Rwanda: 5 People Killed, 65 Houses Destroyed in Downpour


At least five people were killed and 65 houses destroyed after heavy rain in Rwanda last week.

The fatalities came after a mine collapsed in Muhanga District, following the downpour, while buildings in various parts of the country have been destroyed. The Ministry of Disaster Management and Refugee Affairs revealed the figures to Rwandan publication The New Times.


5 killed in mine collapse

Philip Habinshuti, the director of disaster response and recovery unit at the Ministry of Disaster Management and Refugee Affairs, told The New Times five people were killed when a mine collapsed after the rain stopped falling from last week’s downpour.

He revealed those inside the mine were engaged in illegal mining following the rainfall. Only two of the seven who went inside came out alive – both of whom were taken to hospital.

“After it stopped raining, seven people entered the mine illegally,” Habinshuti was quoted in the publication. “The mine was closed, but they entered secretly. It immediately caved in and killed five. Two others survived and were taken to hospital.”


Dozens of buildings destroyed

The organisation also revealed at least 65 buildings have been destroyed as a result of the heavy rains. The majority of building damaged have been domestic houses although a dozen or more schools have also been damaged, according to Habinshuti.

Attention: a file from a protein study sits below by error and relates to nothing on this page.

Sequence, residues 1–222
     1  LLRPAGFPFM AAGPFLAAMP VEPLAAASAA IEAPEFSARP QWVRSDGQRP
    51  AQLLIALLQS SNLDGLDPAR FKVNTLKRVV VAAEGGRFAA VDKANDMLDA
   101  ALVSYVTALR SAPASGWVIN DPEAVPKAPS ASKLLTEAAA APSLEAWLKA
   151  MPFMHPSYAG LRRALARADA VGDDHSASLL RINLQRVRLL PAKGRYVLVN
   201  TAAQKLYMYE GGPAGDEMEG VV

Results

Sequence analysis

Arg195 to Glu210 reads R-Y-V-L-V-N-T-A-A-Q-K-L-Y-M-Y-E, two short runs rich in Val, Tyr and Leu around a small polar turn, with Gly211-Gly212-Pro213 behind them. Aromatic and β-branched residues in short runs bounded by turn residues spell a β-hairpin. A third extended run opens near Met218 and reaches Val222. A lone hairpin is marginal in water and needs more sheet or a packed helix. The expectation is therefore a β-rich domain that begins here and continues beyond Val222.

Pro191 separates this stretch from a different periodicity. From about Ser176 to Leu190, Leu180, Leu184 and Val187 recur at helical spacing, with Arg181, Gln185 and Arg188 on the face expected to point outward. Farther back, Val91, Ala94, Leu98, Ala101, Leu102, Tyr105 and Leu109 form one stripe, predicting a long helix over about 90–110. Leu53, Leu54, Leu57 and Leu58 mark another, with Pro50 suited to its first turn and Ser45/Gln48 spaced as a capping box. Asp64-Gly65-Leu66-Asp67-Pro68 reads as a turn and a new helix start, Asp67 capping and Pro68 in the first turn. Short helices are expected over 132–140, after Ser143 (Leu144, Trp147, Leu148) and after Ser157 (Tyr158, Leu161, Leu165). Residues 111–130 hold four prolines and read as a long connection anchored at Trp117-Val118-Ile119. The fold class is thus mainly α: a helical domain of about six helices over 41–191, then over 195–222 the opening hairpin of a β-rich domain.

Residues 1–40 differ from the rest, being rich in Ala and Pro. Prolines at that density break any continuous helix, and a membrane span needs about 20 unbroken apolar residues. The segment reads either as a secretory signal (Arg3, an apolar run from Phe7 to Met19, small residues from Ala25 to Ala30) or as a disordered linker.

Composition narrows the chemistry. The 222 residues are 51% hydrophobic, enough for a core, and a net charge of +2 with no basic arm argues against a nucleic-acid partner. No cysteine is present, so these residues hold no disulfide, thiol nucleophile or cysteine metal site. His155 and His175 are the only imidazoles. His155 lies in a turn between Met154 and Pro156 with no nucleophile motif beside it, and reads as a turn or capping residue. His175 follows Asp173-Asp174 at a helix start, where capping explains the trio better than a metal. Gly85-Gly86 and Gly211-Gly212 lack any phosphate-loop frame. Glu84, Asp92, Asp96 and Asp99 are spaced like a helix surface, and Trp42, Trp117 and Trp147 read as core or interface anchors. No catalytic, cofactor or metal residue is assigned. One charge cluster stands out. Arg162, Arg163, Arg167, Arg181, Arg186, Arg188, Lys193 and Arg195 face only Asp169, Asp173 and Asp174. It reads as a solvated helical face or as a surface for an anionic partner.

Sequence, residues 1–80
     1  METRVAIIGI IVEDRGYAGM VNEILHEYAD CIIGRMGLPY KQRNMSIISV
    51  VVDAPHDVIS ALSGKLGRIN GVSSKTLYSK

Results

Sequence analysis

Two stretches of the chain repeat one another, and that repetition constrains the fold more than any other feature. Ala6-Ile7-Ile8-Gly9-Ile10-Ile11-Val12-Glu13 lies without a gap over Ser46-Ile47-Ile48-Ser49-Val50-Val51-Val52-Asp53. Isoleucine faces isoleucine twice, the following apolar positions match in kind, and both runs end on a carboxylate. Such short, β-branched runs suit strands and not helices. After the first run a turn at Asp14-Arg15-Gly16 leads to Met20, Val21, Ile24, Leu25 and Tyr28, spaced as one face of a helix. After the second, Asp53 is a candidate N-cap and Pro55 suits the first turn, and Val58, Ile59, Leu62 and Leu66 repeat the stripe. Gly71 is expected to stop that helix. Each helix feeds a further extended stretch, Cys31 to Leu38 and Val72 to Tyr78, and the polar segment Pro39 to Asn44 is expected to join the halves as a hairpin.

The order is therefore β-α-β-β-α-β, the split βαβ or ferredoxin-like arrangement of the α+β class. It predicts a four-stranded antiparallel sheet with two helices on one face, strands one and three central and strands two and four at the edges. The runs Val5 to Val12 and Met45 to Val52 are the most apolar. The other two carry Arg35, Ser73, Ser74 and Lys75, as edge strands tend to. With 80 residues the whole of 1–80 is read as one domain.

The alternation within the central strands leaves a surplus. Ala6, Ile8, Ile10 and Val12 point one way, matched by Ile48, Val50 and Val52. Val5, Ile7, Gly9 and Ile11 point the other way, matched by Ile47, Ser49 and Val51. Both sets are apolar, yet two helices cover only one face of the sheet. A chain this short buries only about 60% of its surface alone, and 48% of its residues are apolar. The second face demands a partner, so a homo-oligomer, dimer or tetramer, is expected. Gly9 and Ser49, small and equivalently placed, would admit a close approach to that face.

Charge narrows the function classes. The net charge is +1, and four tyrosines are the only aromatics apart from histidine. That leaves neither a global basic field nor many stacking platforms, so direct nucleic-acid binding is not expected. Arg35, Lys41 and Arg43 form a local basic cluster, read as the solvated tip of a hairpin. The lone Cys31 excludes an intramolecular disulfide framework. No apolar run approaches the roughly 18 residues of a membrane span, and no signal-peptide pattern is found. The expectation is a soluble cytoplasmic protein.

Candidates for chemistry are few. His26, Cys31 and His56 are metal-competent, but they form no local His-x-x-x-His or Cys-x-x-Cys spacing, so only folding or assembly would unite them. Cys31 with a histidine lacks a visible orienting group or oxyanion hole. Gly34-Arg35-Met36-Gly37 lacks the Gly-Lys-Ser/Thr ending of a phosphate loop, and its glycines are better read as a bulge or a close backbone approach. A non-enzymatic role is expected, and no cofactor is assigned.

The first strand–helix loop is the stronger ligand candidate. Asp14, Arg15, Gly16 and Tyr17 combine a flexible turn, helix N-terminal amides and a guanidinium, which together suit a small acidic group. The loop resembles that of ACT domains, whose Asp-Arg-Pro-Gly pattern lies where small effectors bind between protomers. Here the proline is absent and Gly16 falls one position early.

Despite extensive damage, the director is confident restoration can happen quickly, thanks to the support of community workers.

“During community work, we joined Kinyinya residents to renovate the damaged houses. The residents whose houses were damaged were given iron sheets. We also gave other support so that the renovation of the houses should be quickly done,” he said.


Featured image:
By BidgeeOwn work, CC BY-SA 2.5 au,

About Aaron Brooks

Aaron Brooks is a UK journalist who wants to cut out the international agendas in news. Spending his early years in both England and Northern Ireland he saw the difference between reality and media coverage at an early age. After graduating from the University of Chester with a BA in journalism, his travels revealed just how large the gap between news and the real world can be. As Editor-in-Chief at East Africa Monitor, it’s his job to provide a balanced view of what’s going on in the region for English-speaking audiences.